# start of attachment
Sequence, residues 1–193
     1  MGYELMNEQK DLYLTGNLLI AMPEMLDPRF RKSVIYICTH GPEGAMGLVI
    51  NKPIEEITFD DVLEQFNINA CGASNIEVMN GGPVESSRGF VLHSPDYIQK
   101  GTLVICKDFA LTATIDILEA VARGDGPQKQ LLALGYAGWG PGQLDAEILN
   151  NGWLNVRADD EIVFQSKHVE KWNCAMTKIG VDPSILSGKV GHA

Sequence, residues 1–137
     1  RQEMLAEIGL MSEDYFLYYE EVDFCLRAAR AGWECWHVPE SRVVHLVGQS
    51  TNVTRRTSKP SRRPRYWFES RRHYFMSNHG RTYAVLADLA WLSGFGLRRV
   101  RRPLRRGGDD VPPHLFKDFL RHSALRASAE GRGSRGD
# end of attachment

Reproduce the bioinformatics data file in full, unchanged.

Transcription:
Sequence, residues 1–193
     1  MGYELMNEQK DLYLTGNLLI AMPEMLDPRF RKSVIYICTH GPEGAMGLVI
    51  NKPIEEITFD DVLEQFNINA CGASNIEVMN GGPVESSRGF VLHSPDYIQK
   101  GTLVICKDFA LTATIDILEA VARGDGPQKQ LLALGYAGWG PGQLDAEILN
   151  NGWLNVRADD EIVFQSKHVE KWNCAMTKIG VDPSILSGKV GHA

Sequence, residues 1–137
     1  RQEMLAEIGL MSEDYFLYYE EVDFCLRAAR AGWECWHVPE SRVVHLVGQS
    51  TNVTRRTSKP SRRPRYWFES RRHYFMSNHG RTYAVLADLA WLSGFGLRRV
   101  RRPLRRGGDD VPPHLFKDFL RHSALRASAE GRGSRGD